Grass variety tests for grazing tolerance were established in Lexington in the fall of 2012, 2013, 2014, and 2015. The soil at Lexington (Maury) is a well-drained silt loam and is well-suited to tall fescue, orchardgrass, and perennial ryegrass production. All forage variety trials for Kentucky can be found here.
The Kentucky Grazing School will be held on September 27-28, 2017 at the Woodford County Extension office and the Oran C. Little Research Center in Versailles, KY. This two day program includes hands-on exercises, such as building temporary paddocks and watering systems, and assessing pasture production. Classroom discussions will cover topics including forages, animal management, and grazing systems. Enrollment is limited, so apply early. Past participants range from new to experienced grazers and all have gained new information and skills to implement on their operations. Pre-register for the grazing school as enrollment is limited to the first 45. The $50.00 registration fee includes all materials, grazing manuals, breaks, and lunch both days. Partially funded through the Governor’s Office of Agriculture Policy. For more information, contact Zach Workman, 859-257-7512, Zewo222@uky.edu or visit the UK Forage Website.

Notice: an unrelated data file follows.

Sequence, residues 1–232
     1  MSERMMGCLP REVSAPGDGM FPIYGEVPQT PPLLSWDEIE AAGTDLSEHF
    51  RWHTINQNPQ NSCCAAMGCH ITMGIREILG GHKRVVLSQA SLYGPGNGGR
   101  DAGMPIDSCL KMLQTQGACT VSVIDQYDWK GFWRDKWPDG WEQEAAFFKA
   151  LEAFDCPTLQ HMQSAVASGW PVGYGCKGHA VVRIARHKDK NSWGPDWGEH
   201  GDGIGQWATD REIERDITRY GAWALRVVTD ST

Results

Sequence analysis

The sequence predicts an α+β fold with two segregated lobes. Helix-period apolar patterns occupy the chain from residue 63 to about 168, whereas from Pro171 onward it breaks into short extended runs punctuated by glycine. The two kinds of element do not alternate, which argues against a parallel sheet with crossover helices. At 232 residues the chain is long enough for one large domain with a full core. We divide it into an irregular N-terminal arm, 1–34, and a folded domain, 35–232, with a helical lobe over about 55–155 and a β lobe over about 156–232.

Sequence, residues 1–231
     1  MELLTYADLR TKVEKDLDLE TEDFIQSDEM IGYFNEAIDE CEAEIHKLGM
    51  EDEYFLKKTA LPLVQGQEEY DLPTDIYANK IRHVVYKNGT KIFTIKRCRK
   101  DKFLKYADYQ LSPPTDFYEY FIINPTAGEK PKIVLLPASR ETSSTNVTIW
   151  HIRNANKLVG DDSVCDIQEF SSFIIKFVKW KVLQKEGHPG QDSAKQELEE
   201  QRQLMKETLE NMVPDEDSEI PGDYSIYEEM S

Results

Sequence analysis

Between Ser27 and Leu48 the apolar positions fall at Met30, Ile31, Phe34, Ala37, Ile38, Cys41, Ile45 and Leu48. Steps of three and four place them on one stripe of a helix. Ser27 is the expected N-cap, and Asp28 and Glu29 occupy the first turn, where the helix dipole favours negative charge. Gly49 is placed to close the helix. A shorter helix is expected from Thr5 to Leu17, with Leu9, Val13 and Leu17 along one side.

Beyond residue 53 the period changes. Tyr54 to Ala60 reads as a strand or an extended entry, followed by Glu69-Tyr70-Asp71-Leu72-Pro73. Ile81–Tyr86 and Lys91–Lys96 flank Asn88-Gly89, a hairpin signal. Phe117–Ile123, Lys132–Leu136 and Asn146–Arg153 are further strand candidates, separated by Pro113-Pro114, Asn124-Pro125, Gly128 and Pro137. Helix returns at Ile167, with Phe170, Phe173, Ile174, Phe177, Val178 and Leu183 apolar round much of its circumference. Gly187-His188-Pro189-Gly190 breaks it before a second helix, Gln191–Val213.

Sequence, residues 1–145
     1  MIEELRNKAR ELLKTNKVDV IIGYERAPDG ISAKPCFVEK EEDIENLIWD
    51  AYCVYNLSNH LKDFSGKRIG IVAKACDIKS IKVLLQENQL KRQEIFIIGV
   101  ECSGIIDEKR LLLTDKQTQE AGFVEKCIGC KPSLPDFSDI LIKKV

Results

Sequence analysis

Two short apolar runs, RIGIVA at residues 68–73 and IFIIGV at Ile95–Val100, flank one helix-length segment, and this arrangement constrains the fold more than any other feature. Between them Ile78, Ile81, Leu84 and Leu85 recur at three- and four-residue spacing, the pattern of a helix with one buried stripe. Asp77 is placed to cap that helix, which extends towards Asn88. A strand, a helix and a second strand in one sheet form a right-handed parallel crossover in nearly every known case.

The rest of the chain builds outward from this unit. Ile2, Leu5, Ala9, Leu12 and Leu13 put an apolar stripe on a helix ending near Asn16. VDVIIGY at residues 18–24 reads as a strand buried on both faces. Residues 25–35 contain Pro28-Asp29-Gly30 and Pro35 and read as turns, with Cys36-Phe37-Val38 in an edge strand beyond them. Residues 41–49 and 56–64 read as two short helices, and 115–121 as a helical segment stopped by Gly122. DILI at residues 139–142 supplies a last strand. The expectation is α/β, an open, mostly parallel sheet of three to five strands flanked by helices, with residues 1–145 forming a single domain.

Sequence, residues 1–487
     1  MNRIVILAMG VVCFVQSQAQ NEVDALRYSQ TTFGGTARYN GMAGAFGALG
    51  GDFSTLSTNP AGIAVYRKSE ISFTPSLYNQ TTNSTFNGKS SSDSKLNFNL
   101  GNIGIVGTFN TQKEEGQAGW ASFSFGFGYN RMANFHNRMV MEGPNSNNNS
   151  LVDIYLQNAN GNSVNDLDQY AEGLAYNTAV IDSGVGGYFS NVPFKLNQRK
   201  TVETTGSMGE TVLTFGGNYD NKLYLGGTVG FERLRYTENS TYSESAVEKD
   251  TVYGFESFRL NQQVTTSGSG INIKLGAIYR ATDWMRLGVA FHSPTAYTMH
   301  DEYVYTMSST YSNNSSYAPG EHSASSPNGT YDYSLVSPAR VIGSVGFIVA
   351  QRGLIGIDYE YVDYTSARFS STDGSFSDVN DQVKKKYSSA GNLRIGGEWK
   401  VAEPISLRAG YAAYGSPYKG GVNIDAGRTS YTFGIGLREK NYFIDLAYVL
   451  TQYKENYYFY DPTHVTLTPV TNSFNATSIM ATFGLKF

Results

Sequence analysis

Tim Taylor will host the 2017 Kentucky Forage and Grassland Council Annual Field Day Mon, August 7th on his farm in Daviess County. Registration begins at 4:45 with Farm tour and Educational sessions at 5:30 and a meal at 7:30. Topics include Grazing Corn, Annual Forage Systems, Pasture Re-Establishment and Maximizing Beef Profit Per Acre. Farm address is 8706 Hwy 81, Owensboro, KY To register, call 270-685-8480.
The 71st Southern Pasture and Forage Crop Improvement Conference (SPFCIC) was held June 5 to 7 in Knoxville, Tennessee. Hosted by the University of Tennessee’s Institute of Agriculture, this program featured presentations and discussion on drought, climate resilient forage systems as well as soil health. Access the proceedings online here.
The meeting featured a poster sharing session from research and extension specialists in the southern region. UK and UT presented a poster summarizing preliminary results of an Organic Dairy Forage Production study currently underway in both states.